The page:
|Publication number||US8217937 B2|
|Application number||US 11/729,352|
|Publication date||Jul 10, 2012|
|Filing date||Mar 28, 2007|
|Priority date||Mar 28, 2007|
|Also published as||US20080240548|
|Publication number||11729352, 729352, US 8217937 B2, US 8217937B2, US-B2-8217937, US8217937 B2, US8217937B2|
|Inventors||Terence Sern-Wei Yeoh, Neil A. Ives|
|Original Assignee||The Aerospace Corporation|
|Export Citation||BiBTeX, EndNote, RefMan|
|Patent Citations (45), Non-Patent Citations (13), Referenced by (2), Classifications (43), Legal Events (3)|
|External Links: USPTO, USPTO Assignment, Espacenet|
The invention relates to the field of imaging of objects. More particularly the present invention relates to isosurfacial and tomography reconstruction of images.
Current isosurfacial reconstruction techniques are limited to two or three image stereograms. Isosurfacial reconstruction methods reconstruct exterior surfaces of objects. A topographical surface map is generated by using edge detection, image correlation, and noise reduction techniques. A limitation of the isosurfacial technique is the lack of information of interior surfaces underneath exterior surfaces and exterior structures. Such interior surfaces are imaged as mesa approximations instead of freestanding films. Topographic reconstruction by stereography may use two or three images spaced apart in angular degree such as five to six degrees. By edge analysis, topographic features are extracted from these few images. However, stereography does not provide an ability to image underneath scrolling regions.
Current tomography techniques such as X-ray and T-ray techniques, as well as magnetic resonance tomography require transmission micrographs that relay summed absorptive information. This method utilizes sinogram computation to generate a voxel dataset. Transmission electron tomography and focused ion beam nanotomography are both destructive techniques that have been used to image and model nanostructures. However, there are instances in which structural information such as orientation, length and surface morphology must be obtained without damaging the sample. Topographical images generated from stereograms of nanoscrolls, representing current practice, lack details and are distorted. Hidden surfaces are not normally revealed by standard image stereograms. A topographical image of a nanoscroll based on current state of the art stereographic techniques lacks definition and hidden surfaces. The topograph is highly distorted and does not accurately depict necessary structural information.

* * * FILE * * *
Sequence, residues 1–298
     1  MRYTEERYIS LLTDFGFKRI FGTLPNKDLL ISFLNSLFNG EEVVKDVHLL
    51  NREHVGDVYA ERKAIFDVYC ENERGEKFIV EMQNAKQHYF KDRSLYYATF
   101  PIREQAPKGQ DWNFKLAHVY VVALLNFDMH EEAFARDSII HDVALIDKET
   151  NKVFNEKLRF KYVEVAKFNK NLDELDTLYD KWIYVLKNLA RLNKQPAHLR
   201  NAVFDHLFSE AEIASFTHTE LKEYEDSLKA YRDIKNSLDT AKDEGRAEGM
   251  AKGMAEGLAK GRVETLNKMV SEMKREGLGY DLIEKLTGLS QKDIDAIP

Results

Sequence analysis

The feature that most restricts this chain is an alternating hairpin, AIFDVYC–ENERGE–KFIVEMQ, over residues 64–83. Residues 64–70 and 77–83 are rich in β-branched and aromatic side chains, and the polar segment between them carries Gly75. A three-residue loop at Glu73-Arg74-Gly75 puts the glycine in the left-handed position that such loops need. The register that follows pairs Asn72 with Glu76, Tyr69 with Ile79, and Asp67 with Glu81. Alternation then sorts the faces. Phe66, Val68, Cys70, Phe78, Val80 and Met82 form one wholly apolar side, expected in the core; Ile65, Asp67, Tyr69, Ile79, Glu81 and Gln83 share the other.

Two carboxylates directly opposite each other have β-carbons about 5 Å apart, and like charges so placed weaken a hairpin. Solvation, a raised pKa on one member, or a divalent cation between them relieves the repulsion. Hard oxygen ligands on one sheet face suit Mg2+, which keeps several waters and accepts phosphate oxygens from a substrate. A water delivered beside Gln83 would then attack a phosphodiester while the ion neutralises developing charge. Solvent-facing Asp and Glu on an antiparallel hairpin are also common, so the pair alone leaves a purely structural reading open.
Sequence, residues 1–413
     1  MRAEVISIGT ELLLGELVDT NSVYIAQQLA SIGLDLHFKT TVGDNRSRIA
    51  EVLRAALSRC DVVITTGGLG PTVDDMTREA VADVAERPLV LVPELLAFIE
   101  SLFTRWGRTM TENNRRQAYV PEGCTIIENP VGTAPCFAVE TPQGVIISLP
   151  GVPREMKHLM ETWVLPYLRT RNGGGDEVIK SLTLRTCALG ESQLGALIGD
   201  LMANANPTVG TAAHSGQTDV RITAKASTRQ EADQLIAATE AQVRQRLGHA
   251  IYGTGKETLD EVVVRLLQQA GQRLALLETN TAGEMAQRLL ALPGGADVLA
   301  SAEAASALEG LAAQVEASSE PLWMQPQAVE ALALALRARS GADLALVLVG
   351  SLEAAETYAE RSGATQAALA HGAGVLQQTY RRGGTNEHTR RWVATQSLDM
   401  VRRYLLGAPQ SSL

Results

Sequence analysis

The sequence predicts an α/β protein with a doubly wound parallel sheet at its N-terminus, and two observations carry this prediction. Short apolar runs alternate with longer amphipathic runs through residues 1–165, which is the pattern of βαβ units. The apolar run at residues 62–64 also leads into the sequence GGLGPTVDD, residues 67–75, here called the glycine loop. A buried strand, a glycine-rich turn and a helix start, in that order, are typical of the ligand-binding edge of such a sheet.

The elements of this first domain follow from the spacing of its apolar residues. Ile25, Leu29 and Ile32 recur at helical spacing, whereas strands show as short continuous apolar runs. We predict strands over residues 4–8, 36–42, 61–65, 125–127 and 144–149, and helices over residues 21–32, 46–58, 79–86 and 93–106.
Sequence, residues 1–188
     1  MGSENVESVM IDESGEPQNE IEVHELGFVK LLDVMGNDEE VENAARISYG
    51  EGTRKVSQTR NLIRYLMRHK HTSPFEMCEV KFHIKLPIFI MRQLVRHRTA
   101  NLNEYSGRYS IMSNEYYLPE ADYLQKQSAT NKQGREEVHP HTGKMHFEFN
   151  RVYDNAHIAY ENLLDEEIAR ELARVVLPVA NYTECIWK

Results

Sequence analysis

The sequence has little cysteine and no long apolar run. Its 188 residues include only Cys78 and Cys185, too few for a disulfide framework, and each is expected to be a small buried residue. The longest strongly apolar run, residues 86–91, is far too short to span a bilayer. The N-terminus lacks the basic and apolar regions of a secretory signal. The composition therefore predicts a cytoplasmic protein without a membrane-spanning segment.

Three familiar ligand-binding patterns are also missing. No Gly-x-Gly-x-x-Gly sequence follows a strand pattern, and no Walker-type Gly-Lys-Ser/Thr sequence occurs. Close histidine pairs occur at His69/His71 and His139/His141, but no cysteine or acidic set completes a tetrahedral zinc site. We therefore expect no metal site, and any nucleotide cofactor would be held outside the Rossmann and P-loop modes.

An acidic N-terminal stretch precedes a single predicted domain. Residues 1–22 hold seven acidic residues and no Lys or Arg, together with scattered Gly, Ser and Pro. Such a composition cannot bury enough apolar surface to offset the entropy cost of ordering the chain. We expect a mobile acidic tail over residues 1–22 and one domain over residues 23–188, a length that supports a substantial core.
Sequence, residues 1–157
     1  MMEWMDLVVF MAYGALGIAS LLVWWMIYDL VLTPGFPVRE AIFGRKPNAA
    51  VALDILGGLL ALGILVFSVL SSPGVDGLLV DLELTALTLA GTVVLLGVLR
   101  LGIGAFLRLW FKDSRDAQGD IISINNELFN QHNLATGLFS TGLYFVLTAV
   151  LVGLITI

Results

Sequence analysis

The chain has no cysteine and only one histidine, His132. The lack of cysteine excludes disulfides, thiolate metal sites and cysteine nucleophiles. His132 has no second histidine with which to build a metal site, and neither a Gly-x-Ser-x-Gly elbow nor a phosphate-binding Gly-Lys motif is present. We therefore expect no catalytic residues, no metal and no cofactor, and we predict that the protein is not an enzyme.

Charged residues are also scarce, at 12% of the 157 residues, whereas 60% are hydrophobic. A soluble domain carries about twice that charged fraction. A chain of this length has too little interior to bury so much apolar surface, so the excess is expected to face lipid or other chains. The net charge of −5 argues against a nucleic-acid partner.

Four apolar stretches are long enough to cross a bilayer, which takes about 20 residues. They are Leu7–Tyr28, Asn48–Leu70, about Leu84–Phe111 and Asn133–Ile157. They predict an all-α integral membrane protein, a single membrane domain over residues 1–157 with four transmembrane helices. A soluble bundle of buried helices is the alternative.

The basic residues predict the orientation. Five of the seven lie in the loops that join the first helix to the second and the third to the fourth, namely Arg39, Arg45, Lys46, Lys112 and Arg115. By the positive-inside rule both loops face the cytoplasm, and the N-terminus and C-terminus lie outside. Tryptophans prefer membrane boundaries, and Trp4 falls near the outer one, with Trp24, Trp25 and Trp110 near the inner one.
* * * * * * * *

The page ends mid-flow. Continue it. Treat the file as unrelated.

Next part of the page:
There are needs for methods to model and image growing nanotechnology that often require strict tolerances, sizes, orientations, and relative positions that greatly affect performance of the nanotechnology. Non-destructive imaging of devices is highly desirable. For example, self-assembled nanoscrolls from strained thin films have generated recent interest due to potential applications in future nanoelectromechanical systems. A focused ion beam can scan nanoscrolls from preprocessed InGaAs/GaAs strained bridges 7-10 μm in length, 1.5 μm in width, and 14 nm thick. Analysis of the scrolling with time showed unexpected scrolling dynamics such as an initial vertical relaxation of the bridge before the initiation of lateral twisting action. This twisting created a curled nanohelix of diameter half of the expected diameter of a nanoscroll. Analysis ruled out the possibility of both incremental strain relief along the bridge as expected from wet etched films and simultaneous strain relief as expected from a released bridge structure. Instead, the strain relief may occur with a combination of both incremental and simultaneous strain relief, which is a result of the topological restrictions of the strained bridge on the curling action of the film. Although some details of the scrolling kinetics are revealed, more detailed analysis could not be performed simply from the two-dimensional images because conventional two-dimensional imaging techniques cannot effectively reveal the internal structure of these complex three-dimensional nanostructures. The nanostructures are too fragile to survive destructive physical analysis using focused ion beam cross-sectioning. Delicate nanometer films often are altered or destroyed during imaging and conventional stereographic imaging is inadequate to show important obscure features of the nanofilms. Conventional stereographic methods can provide topographical information, but the image data is inherently two-dimensional. Imaging noise can often obscure very small features.